FRANKFORT, Ky. — When Ford furloughed Dan Kellogg, 33, in March, the system wouldn’t allow him to file for unemployment until June 1, which was the day before he returned to work. That was about seven to eight weeks of lost income, which Kellogg fully expects to get back, at least for the most part, from state unemployment.
“We’re not talking a couple hundred bucks here,” Kellogg said. “That’s $8,000.”
So far, he hasn’t seen a dime.
“I’m going to make sure I see that money,” Kellogg said.
While Kellogg is waiting to get paid back, Tyler Oosse, 29, is waiting for back pay.
For the seven weeks and three days he waited to get his claim cleared, he missed out on over $5,000 in unemployment payments. Once his claim did get fixed, Oosse said he’s been getting paid biweekly, but he hasn't received anything for all that time his claim was held up.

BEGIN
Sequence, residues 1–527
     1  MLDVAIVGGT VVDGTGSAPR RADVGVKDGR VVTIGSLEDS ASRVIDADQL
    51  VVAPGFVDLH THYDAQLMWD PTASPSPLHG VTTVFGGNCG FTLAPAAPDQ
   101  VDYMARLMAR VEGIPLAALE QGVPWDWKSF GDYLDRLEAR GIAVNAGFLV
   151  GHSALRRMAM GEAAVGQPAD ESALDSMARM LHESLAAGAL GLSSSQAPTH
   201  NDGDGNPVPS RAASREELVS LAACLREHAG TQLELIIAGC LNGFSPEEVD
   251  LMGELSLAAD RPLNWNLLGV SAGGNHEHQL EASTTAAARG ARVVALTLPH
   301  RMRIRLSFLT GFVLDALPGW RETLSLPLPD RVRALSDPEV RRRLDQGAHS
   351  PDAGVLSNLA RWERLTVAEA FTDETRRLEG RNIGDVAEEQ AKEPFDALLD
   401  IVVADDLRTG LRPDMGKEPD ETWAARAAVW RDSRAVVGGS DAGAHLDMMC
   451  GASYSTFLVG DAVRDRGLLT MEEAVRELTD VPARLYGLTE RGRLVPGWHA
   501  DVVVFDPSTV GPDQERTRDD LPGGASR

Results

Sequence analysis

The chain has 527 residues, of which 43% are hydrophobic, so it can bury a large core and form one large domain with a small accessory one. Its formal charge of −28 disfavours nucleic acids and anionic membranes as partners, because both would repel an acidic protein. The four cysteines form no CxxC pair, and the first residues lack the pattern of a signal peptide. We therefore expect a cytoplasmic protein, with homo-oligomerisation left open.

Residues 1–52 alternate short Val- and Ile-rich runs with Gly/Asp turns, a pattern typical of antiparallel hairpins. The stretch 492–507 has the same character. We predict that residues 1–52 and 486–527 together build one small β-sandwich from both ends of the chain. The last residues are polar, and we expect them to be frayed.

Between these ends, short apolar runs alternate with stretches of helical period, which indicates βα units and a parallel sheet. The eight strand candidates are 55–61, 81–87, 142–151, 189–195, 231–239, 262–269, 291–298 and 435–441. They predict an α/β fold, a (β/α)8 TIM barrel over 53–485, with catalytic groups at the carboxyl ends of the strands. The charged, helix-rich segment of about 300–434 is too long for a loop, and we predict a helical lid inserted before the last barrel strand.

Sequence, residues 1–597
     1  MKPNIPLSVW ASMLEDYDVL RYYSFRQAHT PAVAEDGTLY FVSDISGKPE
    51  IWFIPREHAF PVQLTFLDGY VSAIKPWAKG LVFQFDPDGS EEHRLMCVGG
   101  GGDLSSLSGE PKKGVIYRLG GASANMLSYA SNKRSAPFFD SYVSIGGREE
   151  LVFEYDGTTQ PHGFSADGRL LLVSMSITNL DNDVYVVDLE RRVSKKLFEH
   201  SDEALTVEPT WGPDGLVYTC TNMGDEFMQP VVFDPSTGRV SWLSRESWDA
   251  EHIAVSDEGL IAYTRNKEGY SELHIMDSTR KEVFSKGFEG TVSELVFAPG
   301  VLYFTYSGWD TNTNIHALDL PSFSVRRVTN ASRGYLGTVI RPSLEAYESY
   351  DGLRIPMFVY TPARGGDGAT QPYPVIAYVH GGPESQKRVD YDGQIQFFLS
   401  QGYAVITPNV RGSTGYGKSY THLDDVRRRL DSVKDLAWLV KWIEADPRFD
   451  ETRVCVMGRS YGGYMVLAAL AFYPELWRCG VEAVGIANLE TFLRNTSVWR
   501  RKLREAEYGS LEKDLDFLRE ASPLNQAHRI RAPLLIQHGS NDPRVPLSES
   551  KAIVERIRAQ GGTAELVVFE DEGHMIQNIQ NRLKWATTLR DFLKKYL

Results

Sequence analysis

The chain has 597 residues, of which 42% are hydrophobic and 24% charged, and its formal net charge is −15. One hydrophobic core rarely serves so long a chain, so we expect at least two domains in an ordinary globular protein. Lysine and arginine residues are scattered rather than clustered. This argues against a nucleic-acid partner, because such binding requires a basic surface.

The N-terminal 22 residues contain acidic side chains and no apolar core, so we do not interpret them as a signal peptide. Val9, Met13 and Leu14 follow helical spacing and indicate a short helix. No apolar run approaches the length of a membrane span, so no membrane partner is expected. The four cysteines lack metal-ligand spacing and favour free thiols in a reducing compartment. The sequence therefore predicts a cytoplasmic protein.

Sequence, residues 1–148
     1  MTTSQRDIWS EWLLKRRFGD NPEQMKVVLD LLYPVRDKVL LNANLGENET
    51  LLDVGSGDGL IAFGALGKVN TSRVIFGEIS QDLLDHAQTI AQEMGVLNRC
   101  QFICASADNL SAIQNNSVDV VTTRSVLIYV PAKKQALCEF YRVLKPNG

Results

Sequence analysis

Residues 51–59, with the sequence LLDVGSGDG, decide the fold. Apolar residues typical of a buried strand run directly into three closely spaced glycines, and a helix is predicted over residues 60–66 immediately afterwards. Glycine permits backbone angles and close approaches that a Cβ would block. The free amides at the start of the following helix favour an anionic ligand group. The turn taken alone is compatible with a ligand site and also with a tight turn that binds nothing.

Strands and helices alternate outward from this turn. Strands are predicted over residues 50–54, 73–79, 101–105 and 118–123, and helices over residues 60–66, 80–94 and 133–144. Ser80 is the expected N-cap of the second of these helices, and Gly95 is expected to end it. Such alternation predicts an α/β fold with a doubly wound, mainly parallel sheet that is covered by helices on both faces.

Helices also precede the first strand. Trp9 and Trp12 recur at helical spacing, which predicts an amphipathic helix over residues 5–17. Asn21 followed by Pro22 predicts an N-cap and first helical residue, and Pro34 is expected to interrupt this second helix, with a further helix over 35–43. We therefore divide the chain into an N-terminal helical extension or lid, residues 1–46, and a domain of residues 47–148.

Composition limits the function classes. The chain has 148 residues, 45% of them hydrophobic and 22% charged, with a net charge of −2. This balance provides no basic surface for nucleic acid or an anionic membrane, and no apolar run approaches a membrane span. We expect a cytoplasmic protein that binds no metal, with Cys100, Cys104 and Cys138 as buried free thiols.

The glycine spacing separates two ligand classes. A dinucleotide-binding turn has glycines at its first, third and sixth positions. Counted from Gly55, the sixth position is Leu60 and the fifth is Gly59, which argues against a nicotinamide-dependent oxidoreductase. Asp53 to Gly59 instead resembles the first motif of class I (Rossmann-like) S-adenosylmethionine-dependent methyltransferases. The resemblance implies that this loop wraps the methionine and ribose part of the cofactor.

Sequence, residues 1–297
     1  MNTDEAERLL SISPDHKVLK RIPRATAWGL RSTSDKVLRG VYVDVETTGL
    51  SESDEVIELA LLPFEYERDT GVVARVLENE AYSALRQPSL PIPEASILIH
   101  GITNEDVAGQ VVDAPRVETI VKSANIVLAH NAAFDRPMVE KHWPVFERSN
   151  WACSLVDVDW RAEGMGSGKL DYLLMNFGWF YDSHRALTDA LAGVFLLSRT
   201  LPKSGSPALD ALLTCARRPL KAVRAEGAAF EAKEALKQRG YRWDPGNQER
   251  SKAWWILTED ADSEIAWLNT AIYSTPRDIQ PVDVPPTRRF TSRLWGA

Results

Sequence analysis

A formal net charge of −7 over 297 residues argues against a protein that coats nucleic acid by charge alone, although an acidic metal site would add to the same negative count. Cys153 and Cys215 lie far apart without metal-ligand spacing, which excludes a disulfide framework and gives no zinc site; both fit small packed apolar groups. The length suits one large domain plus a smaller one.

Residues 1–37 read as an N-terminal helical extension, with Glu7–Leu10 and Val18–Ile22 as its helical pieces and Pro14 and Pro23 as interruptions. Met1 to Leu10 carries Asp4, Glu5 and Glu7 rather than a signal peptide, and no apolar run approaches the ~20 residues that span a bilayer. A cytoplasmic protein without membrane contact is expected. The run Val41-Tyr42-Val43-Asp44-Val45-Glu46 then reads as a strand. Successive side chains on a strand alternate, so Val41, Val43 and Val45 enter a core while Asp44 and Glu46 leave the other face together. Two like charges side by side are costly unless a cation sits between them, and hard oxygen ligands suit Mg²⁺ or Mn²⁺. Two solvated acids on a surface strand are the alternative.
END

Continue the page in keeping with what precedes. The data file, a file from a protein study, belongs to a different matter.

“My car got repossessed two weeks ago,” Oosse said.
The husband and father of two is certain that if he got his back pay, he wouldn’t have lost his car.
“I could go get it right now," he said.
Governor Andy Beshear is confident state unemployment will be close to caught up by the end of the month now that global accounting giant Ernst & Young is on board.
To get that done, the accounting firm is charging Kentucky almost $7.6 million.
Oosse said it’ll be worth it if he gets his back pay soon.
“It’s a huge deal,” he said. “It’s the money that I need to, like, get everything back on track.”